Provisions for any other form of indirect public funding: Free or subsidised transport No. Absent from legal framework
Provisions for any other form of indirect public funding: Free or subsidised postage cost No. Absent from legal framework
Provisions for any other form of indirect public funding: Other No. Absent from legal framework
Is the provision of direct public funding to political parties related to gender equality among candidates? No. Absent from legal framework
Are there provisions for other financial advantages to encourage gender equality in political parties? No. Absent from legal framework

Regulations on spending 

Is there a ban on vote buying? Yes. 1. A person who, by means of a gift or promise, bribes a voter to give him a proxy authorisation to vote on his behalf shall be liable to a term of imprisonment not exceeding six months or a third-category fine. 2. A person who, by means of a gift or promise, bribes a voter or otherwise compels him to issue a declaration as referred to in section H 4, subsection 1, in support of a list, shall be liable to a term of imprisonment not exceeding six months or a third-category fine. 3. A voter who allows himself to be bribed by means of a gift or promise to grant a proxy authorisation or issue a declaration of support shall be liable to the same penalty. (Section Z4(1), Elections Law, No.​ 28, 1989, amended 2016)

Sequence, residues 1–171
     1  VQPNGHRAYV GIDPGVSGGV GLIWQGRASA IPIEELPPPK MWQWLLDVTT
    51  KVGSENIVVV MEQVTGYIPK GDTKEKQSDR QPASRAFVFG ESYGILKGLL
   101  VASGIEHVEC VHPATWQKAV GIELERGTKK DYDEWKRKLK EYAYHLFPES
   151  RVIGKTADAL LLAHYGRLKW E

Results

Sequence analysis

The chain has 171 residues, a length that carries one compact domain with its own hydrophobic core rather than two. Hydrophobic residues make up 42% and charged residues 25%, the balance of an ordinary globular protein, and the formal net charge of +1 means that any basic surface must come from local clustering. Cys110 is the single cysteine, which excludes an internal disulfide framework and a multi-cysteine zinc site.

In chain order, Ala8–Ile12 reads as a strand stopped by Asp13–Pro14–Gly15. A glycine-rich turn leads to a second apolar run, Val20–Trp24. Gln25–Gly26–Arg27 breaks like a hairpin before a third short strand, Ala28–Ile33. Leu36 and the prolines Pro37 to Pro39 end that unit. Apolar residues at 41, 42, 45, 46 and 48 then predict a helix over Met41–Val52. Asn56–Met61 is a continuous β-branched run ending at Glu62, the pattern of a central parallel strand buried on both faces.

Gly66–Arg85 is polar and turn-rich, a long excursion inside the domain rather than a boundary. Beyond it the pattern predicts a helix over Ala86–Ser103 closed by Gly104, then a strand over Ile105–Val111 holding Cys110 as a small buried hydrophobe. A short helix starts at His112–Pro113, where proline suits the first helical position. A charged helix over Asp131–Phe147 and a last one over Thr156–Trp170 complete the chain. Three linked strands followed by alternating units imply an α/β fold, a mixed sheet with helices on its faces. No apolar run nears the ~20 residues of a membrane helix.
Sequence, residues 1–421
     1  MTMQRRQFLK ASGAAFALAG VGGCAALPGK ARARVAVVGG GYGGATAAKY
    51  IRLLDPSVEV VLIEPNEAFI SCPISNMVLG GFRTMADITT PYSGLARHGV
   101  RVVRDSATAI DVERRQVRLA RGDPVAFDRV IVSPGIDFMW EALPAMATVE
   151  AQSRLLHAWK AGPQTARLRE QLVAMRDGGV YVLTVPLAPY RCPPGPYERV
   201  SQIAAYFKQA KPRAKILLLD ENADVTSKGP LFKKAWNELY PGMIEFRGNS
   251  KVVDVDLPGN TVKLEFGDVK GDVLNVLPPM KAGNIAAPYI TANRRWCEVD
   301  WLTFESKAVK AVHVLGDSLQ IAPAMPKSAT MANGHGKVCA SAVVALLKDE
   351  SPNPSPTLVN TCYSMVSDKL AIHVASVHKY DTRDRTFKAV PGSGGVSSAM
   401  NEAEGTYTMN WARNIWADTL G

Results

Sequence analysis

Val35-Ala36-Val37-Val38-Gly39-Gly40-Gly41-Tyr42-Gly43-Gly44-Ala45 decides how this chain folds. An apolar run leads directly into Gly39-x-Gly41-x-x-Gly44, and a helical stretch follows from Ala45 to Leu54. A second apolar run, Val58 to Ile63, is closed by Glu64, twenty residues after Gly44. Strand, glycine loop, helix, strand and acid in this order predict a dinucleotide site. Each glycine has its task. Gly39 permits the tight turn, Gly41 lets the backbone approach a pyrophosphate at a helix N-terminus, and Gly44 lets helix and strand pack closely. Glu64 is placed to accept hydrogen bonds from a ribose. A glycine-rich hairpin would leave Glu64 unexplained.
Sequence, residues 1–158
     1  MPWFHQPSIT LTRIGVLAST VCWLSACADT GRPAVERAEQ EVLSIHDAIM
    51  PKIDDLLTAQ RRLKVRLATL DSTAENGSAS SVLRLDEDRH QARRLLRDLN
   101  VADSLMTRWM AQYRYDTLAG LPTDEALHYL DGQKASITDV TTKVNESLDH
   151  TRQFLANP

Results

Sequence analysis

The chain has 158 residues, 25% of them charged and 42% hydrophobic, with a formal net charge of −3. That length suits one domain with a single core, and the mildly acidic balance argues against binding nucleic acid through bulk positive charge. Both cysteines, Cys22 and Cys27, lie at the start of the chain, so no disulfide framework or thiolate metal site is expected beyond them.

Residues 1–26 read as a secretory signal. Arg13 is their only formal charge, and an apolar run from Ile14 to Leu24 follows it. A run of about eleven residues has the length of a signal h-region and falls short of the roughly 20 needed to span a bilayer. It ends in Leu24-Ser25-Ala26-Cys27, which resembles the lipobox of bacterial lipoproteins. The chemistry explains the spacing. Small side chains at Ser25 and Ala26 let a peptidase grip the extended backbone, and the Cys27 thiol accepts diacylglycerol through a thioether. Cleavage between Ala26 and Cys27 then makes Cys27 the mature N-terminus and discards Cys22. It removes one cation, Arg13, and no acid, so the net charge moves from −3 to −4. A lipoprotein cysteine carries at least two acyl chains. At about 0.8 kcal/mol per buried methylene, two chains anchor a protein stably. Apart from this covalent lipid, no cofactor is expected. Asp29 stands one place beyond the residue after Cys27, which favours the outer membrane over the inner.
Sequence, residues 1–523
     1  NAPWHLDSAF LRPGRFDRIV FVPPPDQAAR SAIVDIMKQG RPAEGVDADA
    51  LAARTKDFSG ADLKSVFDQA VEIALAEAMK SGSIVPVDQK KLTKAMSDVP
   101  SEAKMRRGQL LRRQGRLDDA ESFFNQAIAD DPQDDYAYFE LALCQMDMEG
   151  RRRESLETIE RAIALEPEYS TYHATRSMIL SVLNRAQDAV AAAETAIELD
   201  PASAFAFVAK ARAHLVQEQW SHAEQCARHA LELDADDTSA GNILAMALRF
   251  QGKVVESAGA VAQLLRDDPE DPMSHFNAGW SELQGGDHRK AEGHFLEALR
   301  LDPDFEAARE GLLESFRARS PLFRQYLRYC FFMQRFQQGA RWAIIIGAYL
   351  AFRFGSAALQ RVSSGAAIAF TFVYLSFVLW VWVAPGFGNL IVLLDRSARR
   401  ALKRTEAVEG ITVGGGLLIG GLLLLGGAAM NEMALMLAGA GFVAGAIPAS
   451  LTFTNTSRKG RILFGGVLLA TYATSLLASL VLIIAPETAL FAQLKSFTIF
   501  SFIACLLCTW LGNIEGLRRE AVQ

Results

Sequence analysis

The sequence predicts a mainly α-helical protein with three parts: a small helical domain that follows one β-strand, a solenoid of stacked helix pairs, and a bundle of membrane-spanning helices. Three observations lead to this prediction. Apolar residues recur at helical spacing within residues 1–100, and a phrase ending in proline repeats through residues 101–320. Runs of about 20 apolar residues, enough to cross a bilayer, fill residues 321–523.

Are there bans on state resources being used in favour or against a political party or candidate? No. Absent from legal framework
Are there limits on the amount a political party can spend? No. Absent from legal framework
Are there limits on the amount a candidate can spend? No. Absent from legal framework

Reporting, oversight and sanctions 

Reporting standards

Do political parties have to report regularly on their finances? Yes. 1. Prior to 1 July of each calendar year, a political party shall send the following to Our Minister: a. a financial report covering the preceding calendar year, comprising the data included in the records pursuant to article 20; b. a summary of contributions of 4,500 euros or more per donor and received by the party in that calendar year, with the data registered pursuant to article 21, section one; c. a summary of debts of 25,000 euros or more, with the data registered pursuant to article 21, section three, and d. the written declaration of the auditor, as referred to in section three. (Art 25, Law on Financing of Political Parties, 2013, amended 2016)